On 1 June, the BBC shared a video of swimmers enjoying London’s new ‘Sky Pool’, which is “believed to be the world’s first transparent pool built between two skyscrapers”. People soon took to Twitter to highlight the entrenched inequalities that the opulent architectural feature represents. Indeed, it’s situated at the heart of a city in which an estimated 170,068 people are homeless and over 600,000 children live in poverty.
London’s widening class divide
The Sky Pool is situated in Embassy Gardens, a housing development near the new US Embassy. The development is part of the £3bn Nine Elms regeneration zone, a riverside development which covers large areas of land from Vauxhall to Battersea in the south-west London boroughs of Lambeth and Wandsworth. Highlighting the inequality that persists in what has been dubbed an “opportunity area”, Labour councillor Maurice McIeod tweeted:
This is in my ward…in which more than half of children officially live in poverty. Just saying. https://t.co/RQGVwBu9mt
— Maurice Mcleod (he/him) (@mowords) June 1, 2021
Sharing the realities of life in the area for most residents, Jason Okundaye said:
This is 5 minutes away from the estate I grew up on in Battersea where the council abandons social housing tenants with damp, silverfish and no central heating in their flats for months but rubber stamps luxury developments like this on our doorstep https://t.co/ZyYCtRWAZR
— Jason Okundaye (@jasebyjason) June 1, 2021
Deploring the Tories’ prioritisation of private developments over social housing in the face of an entrenched housing crisis, Labour councillor Aydin Dikerdem said:
That’s why what’s happened here is so upsetting. We’re never again going to have all this abandoned industrial space which could’ve transformed the lives of people in a borough where thousands are statutorily homeless or spending half their income on private rent.
— Aydin Dikerdem (@AydinDikerdem) June 1, 2021
Segregating the residents
In February, journalist Oliver Wainright highlighted the fact that shared-ownership residents living in Embassy Gardens aren’t allowed access to the Sky Pool, the front door, or other features in the building. They must use “poor doors”, while private owners make the most of the amenities:
A reminder that the affordable housing residents of this development, whose windows look straight on to the pool, are not allowed to access it https://t.co/qgjWCJ8byB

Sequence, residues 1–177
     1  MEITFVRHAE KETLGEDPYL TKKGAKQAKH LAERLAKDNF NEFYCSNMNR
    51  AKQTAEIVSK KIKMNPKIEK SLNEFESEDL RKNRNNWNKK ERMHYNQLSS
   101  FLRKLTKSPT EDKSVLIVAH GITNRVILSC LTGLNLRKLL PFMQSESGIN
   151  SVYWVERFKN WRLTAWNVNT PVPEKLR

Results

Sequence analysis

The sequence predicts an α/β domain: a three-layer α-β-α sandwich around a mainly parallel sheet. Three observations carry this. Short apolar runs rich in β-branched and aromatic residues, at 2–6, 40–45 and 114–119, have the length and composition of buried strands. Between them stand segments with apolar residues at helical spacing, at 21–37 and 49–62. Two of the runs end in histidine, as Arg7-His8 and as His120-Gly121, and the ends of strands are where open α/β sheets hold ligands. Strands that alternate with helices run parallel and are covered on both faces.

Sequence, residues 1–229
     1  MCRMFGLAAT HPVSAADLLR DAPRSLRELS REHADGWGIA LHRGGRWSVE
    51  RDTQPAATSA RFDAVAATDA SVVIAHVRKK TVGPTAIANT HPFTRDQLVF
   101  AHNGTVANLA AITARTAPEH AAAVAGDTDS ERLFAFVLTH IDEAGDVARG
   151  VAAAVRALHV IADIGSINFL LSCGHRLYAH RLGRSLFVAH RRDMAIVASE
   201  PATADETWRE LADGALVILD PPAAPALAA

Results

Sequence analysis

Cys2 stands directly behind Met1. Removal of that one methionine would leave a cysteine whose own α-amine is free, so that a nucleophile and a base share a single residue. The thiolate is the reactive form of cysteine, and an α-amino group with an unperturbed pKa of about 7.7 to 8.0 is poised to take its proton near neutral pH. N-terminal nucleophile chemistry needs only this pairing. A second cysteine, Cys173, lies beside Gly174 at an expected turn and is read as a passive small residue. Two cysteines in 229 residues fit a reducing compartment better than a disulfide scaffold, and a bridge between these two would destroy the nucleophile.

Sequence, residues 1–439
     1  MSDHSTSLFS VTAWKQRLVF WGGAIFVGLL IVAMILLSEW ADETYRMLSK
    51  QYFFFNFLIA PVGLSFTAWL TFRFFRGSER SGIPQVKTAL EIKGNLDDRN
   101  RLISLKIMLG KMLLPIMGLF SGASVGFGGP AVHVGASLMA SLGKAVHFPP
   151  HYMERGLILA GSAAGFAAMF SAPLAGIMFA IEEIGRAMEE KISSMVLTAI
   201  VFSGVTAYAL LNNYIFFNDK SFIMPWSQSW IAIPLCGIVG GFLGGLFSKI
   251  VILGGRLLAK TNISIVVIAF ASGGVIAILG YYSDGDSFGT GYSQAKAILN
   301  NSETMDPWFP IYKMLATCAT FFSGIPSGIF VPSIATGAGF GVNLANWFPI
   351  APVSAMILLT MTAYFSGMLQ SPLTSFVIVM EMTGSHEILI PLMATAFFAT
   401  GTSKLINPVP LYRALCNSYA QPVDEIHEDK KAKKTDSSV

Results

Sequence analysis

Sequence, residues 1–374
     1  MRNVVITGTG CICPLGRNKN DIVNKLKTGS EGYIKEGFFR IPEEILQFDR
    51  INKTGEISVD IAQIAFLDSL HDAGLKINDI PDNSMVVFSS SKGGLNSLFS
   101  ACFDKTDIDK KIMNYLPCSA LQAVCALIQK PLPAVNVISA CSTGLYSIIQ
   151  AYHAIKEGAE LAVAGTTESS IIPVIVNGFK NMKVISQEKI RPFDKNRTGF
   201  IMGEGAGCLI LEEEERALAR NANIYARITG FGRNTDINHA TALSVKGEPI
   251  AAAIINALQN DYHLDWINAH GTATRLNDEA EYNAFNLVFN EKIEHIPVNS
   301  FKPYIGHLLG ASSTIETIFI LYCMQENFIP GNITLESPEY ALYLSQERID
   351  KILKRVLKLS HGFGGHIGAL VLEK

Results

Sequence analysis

— Olly Wainwright (@ollywainwright) June 1, 2021
In a thread setting out the inequalities inherent in the housing market, Nick Perry said:
I see responses to the silly “sky pool” has triggered developers’ apologists and their defence of so-called “poor doors”.
“The expensive flats cost more and that extra pays for the affordable housing.” Except it often doesn’t. Yet unfailingly inflates the housing market.
— Nick Perry (@realnickperry) June 2, 2021
Others, meanwhile, questioned the BBC‘s tone:
Upbeat @BBCNews puff piece about the ‘sky pool’ that fails to mention how residents with shared ownership are locked out of access. The Beeb cannot comprehend this as ‘political’ editorialising but it’s precisely that: whitewashed inequality presented as a neutral, fun story. https://t.co/w5h46bvnbc
— Chris Thorpe-Tracey ⧖ (@christt) June 1, 2021
Adding that “affordable” apartments in Embassy Gardens come with staggering £750k price tags, Dr Eleanor Janega stated:
Fun fact: residents in the "affordable" flats in these blocks are not allowed to use the Sky Pool, even if they pay. They just have to watch the rich people from their windows. Also the "affordable" flats still cost about 750k. https://t.co/5p0spku8lG
— Dr Eleanor Janega (@GoingMedieval) June 1, 2021
Britain’s cladding scandal
14 June will mark the 4th anniversary of the Grenfell Tower tragedy, which killed 72 residents. On 7 May, petrified residents called firefighters to New Providence Wharf, a tower block covered in “Grenfell-style” cladding. Although the cladding was not found to be a “significant factor” in this case, the London Fire Brigade found numerous failings in the building that should have been addressed by the building’s owner.
According to Anoosh Chakelian, the Sky Pool’s developer Ballymore is also responsible for New Providence Wharf, but made residents wait nearly four years to have the flammable cladding removed. Olympic Park Homes Action reflected on this injustice:
That the same developer can invest in a pool deemed architecturally fanciful on one side of London & fail for nearly 4 years to remove flammable cladding from a building on the other is a bleak story of our warped housing system. #BuildingSafetyCrisis https://t.co/I3FvzFcyR4
— Olympic Park Homes Action Group (@OlympicHomes_AG) June 3, 2021
Nathaniel Baker added:
So to confirm: Ballymore built an all-glass swimming pool suspended 115 foot in the sky, but said the reason it took four years to even begin removing Grenfell-style cladding from New Providence Wharf is because the work is "extremely complicated". https://t.co/vRBxt9tltD
— Nathaniel Barker (@NatBarkerIH) June 2, 2021
Another Twitter user simply said:
Sky pools for the rich, flammable cladding for the poor https://t.co/W5rpgCHt7j
— marxist-wet eggsist 🇵🇸 (@kronstadt2kool) June 2, 2021
London’s Sky Pool serves as a stark reminder of everything that’s wrong with Britain’s unjust housing system.
Featured image via @BBCNews/Twitter
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